The Pennsylvania Supreme Court has issued a decision on cell phone searches that confirms that the devices may not be searched without a warrant. The Court found that the Fourth Amendment right of people “to be secure in their persons, houses, papers, and effects, against unreasonable searches and seizures” includes the expectation that their cellphones will not be searched without a warrant.
The decision, which reverses a Pennsylvania Superior Court ruling, reaffirmed rulings by the U.S. Supreme Court, which found that, while seizing a cell phone without a warrant is not a Fourth Amendment violation, searching the device is a violation.
Specifically, the Pennsylvania Supreme Court noted, powering on the cell phone without a warrant was “akin to opening the door to a home. It permitted police to obtain and review a host of information on the cell phone, including viewing its wallpaper, reviewing incoming text messages and calls, and accessing all of the data contained in the phone.”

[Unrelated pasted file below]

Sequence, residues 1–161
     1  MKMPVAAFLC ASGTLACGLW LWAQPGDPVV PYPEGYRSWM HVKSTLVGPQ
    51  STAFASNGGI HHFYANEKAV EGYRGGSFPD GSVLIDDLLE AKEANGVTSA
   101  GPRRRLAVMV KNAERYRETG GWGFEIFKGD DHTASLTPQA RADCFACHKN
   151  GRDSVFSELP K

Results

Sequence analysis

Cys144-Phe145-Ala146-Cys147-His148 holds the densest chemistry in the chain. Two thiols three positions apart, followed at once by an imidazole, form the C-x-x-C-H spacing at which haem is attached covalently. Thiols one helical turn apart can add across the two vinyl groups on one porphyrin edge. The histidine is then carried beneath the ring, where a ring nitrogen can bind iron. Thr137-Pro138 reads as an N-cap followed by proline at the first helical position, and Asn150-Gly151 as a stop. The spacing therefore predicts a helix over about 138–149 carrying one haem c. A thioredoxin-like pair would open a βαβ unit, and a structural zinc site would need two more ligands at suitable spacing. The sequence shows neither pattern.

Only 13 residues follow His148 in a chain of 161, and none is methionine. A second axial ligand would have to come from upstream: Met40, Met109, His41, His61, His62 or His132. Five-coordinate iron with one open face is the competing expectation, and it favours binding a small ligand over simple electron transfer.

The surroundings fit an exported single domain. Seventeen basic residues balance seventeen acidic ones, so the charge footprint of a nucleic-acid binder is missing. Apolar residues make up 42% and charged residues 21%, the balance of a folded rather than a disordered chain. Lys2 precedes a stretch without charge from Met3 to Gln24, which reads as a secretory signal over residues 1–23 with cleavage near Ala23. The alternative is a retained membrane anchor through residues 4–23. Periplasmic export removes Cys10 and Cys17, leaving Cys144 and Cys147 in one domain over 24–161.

The Court also stated that, “The act of navigating the menus of a cell phone to obtain the phone’s number is unquestionably a search that required a warrant.” Such evidence obtained through that warrantless search would be subject to suppression, the ruling stated.